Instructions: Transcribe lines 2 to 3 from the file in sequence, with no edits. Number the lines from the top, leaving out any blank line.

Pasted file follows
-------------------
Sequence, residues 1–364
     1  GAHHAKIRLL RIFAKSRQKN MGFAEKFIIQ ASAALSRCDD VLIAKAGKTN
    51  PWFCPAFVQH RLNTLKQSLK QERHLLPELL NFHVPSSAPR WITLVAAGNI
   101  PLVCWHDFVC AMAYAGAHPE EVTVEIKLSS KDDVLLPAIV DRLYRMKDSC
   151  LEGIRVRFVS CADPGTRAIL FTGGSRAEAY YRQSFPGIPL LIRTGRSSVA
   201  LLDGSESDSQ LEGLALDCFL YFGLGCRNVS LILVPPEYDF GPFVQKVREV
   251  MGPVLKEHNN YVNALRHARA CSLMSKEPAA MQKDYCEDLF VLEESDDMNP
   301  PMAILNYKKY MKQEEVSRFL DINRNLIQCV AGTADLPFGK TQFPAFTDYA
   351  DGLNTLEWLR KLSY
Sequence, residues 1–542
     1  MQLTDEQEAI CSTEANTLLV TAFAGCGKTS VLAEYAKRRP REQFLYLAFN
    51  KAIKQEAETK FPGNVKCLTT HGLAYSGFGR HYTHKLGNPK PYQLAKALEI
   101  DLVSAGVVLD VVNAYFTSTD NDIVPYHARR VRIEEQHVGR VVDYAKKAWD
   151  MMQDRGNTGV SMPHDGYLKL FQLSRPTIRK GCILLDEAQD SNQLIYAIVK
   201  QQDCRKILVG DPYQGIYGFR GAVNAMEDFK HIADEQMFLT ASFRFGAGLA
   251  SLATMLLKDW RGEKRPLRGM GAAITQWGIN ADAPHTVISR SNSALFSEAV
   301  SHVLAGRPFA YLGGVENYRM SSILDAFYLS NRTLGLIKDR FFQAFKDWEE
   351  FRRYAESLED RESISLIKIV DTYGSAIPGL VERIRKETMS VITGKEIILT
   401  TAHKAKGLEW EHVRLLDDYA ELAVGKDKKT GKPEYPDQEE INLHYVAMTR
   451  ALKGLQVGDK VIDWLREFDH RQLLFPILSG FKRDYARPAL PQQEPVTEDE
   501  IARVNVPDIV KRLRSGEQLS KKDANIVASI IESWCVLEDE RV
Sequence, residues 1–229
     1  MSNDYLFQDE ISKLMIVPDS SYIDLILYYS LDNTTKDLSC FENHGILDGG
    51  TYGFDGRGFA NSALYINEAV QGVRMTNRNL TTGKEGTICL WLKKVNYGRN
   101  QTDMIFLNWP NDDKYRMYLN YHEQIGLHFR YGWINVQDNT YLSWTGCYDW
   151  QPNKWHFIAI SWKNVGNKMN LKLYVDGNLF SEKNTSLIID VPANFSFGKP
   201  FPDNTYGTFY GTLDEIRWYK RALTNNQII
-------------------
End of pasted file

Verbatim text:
     1  GAHHAKIRLL RIFAKSRQKN MGFAEKFIIQ ASAALSRCDD VLIAKAGKTN
    51  PWFCPAFVQH RLNTLKQSLK QERHLLPELL NFHVPSSAPR WITLVAAGNI